When is treatment needed?
There is always a reason for it, if a horse does not want to cooperate. This reason can be either a mental, a physical or an emotional one.•Difficulty bending and going on the bit
•Tilting the head
•Trip a lot
•Difficulty with the transition to canter and/or change leg while cantering
•Problems at the farrier
•Problems with saddling / tighten the girth
•Excessive sweating / still sweating in the stable
•Sensitive spots during brushing
•Problems with the vertical balance
•High muscle tone
•Behavioural problems due to mental problems
•Behavioural problems due to pain in the musculoskeletal
•Tongue / jaw problems
•Carrying tail to one side
•Abnormal conformation of the front legs can sometimes explain a problem in the C7-T1 spinal segment, sometimes referred to as the cervicothoracic junction. This is where the neck (cervical spine) connects with the upper back (thoracic spine).
•Abnormal conformation of the hind legs can sometimes explain a problem in the SI joint / pelvis.
- the horse must be clean and dry
- the horse cannot be ridden at least two hours before the treatment
Usually you cannot expect immediate results, as the treatment is no symptom control. We’re searching for the cause. Compensations are carefully treated, so the animal has to get used to its new inner balance in its body.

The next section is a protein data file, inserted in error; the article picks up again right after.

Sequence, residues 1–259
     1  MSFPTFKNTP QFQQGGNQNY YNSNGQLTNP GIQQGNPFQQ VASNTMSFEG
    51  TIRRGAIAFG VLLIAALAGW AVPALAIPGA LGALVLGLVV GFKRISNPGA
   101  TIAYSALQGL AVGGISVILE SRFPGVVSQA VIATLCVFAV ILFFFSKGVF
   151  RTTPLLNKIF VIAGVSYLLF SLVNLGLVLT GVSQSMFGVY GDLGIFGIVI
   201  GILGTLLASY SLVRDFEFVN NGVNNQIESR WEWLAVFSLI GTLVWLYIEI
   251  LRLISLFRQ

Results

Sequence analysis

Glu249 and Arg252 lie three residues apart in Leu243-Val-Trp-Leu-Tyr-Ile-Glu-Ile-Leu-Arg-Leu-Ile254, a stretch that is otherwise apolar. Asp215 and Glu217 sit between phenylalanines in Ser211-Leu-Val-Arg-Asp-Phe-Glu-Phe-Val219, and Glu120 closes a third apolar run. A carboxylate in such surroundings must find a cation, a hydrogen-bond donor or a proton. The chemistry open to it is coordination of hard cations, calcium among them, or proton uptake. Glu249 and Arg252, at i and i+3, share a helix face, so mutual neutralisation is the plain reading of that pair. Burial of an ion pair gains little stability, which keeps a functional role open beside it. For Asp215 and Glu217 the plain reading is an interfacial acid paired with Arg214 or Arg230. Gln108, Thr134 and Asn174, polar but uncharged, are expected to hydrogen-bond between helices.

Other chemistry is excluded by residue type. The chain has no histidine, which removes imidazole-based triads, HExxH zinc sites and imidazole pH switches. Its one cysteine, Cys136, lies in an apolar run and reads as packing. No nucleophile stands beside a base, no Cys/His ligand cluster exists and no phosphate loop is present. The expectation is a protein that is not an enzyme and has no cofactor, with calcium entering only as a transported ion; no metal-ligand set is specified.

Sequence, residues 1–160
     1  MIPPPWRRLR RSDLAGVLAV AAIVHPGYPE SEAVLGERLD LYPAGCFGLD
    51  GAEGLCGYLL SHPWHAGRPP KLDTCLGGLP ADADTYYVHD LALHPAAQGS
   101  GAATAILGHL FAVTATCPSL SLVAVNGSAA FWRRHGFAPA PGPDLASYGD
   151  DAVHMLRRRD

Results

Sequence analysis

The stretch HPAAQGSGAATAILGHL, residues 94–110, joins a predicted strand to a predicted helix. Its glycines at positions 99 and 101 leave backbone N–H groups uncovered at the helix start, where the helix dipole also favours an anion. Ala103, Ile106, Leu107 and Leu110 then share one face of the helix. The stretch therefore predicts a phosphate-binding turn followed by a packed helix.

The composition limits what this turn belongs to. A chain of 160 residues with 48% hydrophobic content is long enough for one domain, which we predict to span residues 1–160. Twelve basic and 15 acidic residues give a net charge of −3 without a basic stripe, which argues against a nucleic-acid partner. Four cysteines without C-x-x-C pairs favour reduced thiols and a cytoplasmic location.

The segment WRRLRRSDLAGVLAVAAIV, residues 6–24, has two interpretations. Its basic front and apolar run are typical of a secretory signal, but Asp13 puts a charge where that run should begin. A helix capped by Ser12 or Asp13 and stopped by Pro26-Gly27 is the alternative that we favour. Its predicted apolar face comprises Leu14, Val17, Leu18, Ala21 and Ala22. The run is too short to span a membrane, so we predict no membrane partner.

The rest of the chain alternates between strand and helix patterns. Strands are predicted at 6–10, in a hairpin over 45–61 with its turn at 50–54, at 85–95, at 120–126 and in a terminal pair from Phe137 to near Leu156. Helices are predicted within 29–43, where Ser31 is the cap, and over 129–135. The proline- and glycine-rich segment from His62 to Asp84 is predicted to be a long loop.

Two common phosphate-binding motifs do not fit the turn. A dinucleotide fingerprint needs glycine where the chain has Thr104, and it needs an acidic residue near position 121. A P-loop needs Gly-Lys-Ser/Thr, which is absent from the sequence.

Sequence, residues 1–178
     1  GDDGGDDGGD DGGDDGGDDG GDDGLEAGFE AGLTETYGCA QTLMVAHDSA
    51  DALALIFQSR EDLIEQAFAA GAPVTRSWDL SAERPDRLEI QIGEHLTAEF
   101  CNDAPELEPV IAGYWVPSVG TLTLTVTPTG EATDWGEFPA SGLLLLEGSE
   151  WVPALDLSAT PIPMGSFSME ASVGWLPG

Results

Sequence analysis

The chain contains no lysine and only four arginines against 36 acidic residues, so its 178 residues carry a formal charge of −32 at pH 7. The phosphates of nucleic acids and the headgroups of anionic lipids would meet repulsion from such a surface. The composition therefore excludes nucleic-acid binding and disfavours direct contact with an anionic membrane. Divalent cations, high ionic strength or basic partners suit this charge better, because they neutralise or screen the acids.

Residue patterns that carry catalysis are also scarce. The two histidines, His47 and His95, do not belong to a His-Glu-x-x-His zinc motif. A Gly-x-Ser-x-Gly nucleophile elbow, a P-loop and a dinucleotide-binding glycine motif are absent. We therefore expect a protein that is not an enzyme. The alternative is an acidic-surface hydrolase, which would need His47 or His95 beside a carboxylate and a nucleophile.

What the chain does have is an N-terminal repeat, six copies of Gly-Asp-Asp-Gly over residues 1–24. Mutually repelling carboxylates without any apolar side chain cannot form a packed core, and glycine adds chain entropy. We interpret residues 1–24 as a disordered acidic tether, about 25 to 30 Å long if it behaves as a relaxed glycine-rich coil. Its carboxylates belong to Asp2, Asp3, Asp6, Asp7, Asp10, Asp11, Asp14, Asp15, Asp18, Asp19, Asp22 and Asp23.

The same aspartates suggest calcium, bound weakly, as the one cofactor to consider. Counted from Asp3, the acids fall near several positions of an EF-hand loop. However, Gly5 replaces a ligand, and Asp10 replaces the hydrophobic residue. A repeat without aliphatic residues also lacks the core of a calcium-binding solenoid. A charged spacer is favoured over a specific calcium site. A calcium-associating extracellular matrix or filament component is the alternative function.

“I always compare the body with an onion. A problem (the core) is often compensated in the body, with a new layer being formed over and over again. As, in many cases, several layers (compensations) have arisen. Usually, in order to get to the real cause, there are multiple treatments needed to 'peel off' these layers. Nevertheless, some clear results will be visible after the first therapy-sessions.”
As my therapy has intensive effect on the horse, it's wise to allow the horse a minimum of 5 to 7 days of rest after the treatment. Please tell me if this isn’t possible, so I can adjust the therapy (in consultation of course).
Since I treat several impaired body parts and thereby remove multiple compensations, the horse can have difficulty refinding the inner balance. The horse will get back to this balance by allowing it a few days rest after the treatment.
It is wise to allow the horse to move as much as possible. So it's recommended to turn it out a lot. Give the horse the opportunity to chew a lot of roughage, as the jaw joints could be among the major joints of the horse. They have a huge effect on the entire musculoskeletal system and nervous system of the horse.
Each animal responds differently to a treatment. Some horses feel a lot better immediately after a treatment. Other horses struggle to find their balance and can feel stiff the first few days.